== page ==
There's a fierce battle between vendors to control the virtualisation market and (by extension) the future of how cloud systems are deployed. By Gartner's reckoning, that battle comes down to two key players: Microsoft and VMware.
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VMware remains the dominant provider, with an estimated 75 per cent of the general virtual machine space, compared to around 20 per cent for Microsoft. However, Microsoft has made major inroads with Hyper-V, Gartner analyst Thomas Bittman noted in a presentation today at the Gartner Infrastructure, Operations & Data Centre conference in Sydney. (I'm attending the conference as part of our ongoing World Of Servers series.)
Expanding purely by adding extra virtual machines won't be the main game. "The virtualisation market is about 61 per cent penetrated right now," Bittman said. "We've started to see a slowdown in the market and fewer opportunities. The workloads aren't as easy, time frames are longer and competition is forcing prices down. We think that between VMware and Microsoft, the competition is only going to increase over the next few years."
Both sides face challenges in expanding. For VMware, converting its existing virtualisation users to its higher-level tools is a necessity if it wants to maintain growth rates. "Virtualisation is doing very well but its not growing like it used to grow, so for VMware to continue to grow they'll have to do something else."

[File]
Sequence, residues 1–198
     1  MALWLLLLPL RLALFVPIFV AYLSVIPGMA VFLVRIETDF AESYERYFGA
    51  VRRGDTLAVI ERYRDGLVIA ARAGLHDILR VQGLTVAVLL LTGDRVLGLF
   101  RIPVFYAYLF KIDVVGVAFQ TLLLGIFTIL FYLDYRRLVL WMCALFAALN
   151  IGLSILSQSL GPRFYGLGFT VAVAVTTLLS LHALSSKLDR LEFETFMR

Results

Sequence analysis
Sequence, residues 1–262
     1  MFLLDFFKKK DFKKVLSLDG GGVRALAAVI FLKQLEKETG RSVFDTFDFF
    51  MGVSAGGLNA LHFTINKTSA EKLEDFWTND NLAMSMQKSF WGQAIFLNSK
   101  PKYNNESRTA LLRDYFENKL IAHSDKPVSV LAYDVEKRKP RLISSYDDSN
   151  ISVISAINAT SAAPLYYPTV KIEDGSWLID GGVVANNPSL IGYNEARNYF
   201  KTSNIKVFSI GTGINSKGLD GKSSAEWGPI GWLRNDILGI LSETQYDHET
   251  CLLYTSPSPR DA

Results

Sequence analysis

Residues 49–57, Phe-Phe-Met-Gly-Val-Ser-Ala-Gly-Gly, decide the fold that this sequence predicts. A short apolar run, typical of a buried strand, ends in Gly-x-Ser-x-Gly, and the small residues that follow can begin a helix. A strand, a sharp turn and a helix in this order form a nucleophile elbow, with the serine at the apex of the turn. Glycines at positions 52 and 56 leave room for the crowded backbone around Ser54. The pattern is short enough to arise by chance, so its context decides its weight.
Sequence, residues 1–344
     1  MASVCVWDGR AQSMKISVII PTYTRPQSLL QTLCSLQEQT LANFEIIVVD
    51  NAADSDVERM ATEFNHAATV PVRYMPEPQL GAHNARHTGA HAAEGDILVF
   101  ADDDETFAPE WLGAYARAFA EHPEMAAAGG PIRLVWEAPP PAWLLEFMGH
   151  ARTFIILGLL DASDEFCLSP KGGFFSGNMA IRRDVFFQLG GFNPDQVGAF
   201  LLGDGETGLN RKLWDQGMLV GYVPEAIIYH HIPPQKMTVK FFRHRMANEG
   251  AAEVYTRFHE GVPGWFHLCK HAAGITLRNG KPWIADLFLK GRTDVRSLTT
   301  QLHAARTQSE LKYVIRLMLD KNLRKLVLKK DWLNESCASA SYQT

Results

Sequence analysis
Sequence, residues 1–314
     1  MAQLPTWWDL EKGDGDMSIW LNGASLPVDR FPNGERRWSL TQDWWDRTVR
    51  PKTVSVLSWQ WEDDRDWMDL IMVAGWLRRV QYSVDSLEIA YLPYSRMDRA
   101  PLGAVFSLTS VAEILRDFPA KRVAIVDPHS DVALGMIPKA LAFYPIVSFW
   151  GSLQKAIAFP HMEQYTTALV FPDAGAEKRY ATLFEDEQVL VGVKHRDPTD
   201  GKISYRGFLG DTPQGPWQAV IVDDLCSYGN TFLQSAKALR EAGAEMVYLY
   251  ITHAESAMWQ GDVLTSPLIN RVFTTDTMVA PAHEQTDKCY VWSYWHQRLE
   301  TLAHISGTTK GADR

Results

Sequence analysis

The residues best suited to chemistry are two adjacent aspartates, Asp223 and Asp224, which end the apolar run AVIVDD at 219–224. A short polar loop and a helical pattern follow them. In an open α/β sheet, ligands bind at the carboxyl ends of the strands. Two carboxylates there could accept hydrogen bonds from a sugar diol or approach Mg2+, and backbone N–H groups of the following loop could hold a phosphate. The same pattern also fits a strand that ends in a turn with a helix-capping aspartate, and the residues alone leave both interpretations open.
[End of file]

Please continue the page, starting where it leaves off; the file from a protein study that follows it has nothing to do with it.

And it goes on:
"Microsoft is going to leverage its installed base to expand. I don't think they're going to be as big as VMware but they are going to be big."
A challenge for both sides is that managing the apps running within a virtual machine is now more important than simply managing the VM deployments. "If you want to deliver on service levels, it's not good enough to have virtual machine management -- you need to manage what's going on inside." Given that the majority of virtualised workloads run on Windows, that gives Microsoft one potential advantage, but VMware retains an edge in terms of having larger workloads deployed, Bittman said.
"The average density of a VMware enviroment is 12 VMs per dual-cycle server. The average for Hyper-V is about six. It's not because it's less capable of density; it's more a statement of market maturity."
From a customer perspective, Bittman said, the battle will keep prices down from both vendors. "This is good. Choice is good. Pressure is good. Competition is good."
Lifehacker's World Of Servers sees me travelling to conferences around Australia and around the globe in search of fresh insights into how server and infrastructure deployment is changing in the cloud era. This week, I'm in Sydney for the Gartner Infrastructure, Operations & Data Center Summit, looking for practical guidance on developing and managing your IT infrastructure and using virtualisation effectively.